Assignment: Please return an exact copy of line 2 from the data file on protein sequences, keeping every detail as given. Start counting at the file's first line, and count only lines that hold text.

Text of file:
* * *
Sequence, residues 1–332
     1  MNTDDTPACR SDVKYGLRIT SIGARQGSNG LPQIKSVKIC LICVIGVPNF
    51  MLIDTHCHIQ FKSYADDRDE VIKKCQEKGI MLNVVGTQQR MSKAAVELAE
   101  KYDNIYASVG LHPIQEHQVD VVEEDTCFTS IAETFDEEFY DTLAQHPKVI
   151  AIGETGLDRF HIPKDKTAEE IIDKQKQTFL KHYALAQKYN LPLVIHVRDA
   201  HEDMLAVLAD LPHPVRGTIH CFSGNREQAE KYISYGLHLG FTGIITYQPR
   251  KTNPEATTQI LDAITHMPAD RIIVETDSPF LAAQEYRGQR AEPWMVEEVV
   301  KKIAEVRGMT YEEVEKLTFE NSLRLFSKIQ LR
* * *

     1  MNTDDTPACR SDVKYGLRIT SIGARQGSNG LPQIKSVKIC LICVIGVPNF